July 10 2018
Written By
Barbara Karnes
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3 Things You Can Do As Someone Is Dying

3 Things You Can Do As Someone Is Dying


Barbara - July 26 2018

Hi Sandi, great to hear from you. Thanks for the kind words. Speaking of your Stephen’s Ministry my DVD This Is How People Die would be a great education tool. If that is too expensive use New Rules For End of Life Care. Groups like yours is one of the reasons I did these two DVDs. Also the DVD You Need care Too is guidance for us workers who deal with end of life. We require some extra TLC. Education, Education, Education! We can’t have too much of it.
Thanks for touching base with me. Blessings to you and the good work you are doing. Barbara

Linda Eggleston - July 26 2018

I am a Hospice Volunteer Coordinator, when training my Volunteers, as part of their assignments I have them read your booklet My Friend I Care, and Gone From My Sight., our Hospice has just started the No One Dies Alone program which I have 10 volunteers participating in .Your Eleventh Hour was so beneficial in our training, Thank you so much for such great information you have written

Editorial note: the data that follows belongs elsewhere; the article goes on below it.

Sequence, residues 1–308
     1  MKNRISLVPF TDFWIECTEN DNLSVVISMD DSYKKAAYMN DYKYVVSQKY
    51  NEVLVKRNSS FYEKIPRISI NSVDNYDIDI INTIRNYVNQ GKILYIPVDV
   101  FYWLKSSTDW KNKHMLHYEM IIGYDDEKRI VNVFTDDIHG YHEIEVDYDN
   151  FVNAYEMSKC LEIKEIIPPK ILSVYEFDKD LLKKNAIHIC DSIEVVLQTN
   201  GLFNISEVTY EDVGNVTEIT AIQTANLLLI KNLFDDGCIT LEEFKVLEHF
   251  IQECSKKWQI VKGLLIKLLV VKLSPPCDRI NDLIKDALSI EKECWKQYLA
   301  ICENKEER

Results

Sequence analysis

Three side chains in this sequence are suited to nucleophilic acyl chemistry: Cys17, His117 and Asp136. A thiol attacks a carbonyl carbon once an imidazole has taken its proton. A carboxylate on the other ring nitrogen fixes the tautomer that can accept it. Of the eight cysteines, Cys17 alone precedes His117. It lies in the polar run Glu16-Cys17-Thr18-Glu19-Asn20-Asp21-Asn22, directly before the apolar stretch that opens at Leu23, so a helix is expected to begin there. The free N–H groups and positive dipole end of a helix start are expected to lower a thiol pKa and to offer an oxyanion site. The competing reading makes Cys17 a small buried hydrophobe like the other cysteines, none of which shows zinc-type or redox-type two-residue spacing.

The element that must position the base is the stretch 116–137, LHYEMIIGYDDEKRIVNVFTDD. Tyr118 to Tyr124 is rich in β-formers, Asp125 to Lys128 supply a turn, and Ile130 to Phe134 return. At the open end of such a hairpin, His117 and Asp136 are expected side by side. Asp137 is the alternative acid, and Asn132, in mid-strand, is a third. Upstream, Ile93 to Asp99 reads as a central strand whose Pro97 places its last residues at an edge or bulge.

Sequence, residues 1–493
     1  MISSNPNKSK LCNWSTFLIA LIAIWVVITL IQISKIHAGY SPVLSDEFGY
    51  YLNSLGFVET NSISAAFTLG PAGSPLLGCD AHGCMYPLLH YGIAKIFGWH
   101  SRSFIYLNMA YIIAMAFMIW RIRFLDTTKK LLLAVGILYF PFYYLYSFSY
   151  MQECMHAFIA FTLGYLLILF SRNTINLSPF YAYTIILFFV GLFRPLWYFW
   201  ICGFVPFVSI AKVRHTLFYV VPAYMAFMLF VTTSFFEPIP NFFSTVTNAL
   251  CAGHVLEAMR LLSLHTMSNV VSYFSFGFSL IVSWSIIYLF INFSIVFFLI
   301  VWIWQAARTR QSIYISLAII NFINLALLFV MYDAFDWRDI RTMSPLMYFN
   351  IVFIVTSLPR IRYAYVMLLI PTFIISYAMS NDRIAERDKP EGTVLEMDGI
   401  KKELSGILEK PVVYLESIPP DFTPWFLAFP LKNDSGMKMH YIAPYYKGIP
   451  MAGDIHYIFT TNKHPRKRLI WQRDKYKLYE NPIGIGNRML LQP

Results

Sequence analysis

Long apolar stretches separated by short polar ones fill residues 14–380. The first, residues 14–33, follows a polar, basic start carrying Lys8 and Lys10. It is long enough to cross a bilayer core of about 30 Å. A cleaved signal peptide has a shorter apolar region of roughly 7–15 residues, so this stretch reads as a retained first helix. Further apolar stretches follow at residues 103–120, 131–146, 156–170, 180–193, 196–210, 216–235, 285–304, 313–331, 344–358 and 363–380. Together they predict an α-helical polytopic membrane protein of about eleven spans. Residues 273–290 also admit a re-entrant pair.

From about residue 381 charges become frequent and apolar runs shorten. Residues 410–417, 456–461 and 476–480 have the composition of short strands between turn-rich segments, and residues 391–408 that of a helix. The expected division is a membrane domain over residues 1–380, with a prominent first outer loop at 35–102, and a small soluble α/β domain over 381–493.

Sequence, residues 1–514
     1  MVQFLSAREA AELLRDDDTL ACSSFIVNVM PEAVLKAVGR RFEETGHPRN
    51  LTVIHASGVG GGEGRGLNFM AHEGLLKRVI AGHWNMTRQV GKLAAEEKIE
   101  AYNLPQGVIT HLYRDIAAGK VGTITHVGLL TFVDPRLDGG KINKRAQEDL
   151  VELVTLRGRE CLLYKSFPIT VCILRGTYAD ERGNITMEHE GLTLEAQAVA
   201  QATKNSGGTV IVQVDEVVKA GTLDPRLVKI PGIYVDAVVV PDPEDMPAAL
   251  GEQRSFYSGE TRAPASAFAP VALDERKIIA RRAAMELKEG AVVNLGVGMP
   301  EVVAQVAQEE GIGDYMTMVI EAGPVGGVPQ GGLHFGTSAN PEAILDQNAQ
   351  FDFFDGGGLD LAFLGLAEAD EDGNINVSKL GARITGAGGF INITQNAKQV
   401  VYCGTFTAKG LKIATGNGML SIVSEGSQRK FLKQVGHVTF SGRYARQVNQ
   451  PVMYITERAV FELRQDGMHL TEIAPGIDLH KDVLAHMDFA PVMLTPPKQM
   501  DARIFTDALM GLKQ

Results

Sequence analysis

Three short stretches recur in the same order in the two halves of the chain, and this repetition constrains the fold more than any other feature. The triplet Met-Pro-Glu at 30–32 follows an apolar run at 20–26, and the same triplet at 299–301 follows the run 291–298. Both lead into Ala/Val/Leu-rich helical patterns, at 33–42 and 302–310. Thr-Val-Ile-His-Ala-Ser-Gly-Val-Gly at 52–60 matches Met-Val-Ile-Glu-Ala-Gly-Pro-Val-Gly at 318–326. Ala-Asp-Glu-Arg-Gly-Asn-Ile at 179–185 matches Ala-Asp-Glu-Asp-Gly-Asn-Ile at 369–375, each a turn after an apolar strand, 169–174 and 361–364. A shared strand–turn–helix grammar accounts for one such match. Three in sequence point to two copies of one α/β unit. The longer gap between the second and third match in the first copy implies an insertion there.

Nancy - July 26 2018

I’ve been volunteering with respite care for about 10 years but when my spouse died, I had no idea what to do in his last hour. The hospice nurse was gentle and kind, letting me know I could talk to him since he could still hear me. This made his passing less hurtful for me.

Sandra Coleman, RN - July 26 2018

Barbara- Thanks again for being you! You and Hospice have helped to normalize the death process by sharing your knowledge and understanding of this sacred time. I saw Joy a few weeks ago, and she is doing okay. What a blessing you have been to the health and wellness and ministry care areas . Our Stephens’ Ministry group certainly has benefited. Blessings!

Barbara - July 14 2018

Mary, I am so sorry you had such an insensitive experience with hospice. Hospice is not suppose to be like that. At some point you might think of contacting the director of that particular hospice and recount your experience and how it made you feel. Maybe that knowledge will be used to educate the staff so other families will benefit from your unhelpful experience.
Again, I am sorry the last moments with your husband were marred by another’s thoughtlessness.
My blessings are with you and your family. Barbara

mary - July 14 2018

Wish my experience had been good with Hospice. The worker just came in and took over the whole room. Spread her books out and took the space the family should have had to be alone with my husband. Did not offer any courtesy to us at all or to him. We were grieving and she did nothing to help.

Barbara - July 12 2018

Hi Angie, you are so right, when families are under stress it can be their fineness moment of working together or the stress has them lashing out at each other and any one who is there. Those being there is generally us, the worker bees. Don’t take the outbursts personally. It has nothing to do with us. Be a listener, don’t take sides, and basically stay out of family feuds. As unpleasant as it is to be around these situations just remind yourself that nothing bad is happening. It is just family dealing with the stress of a loved one dying and the stress of being a family.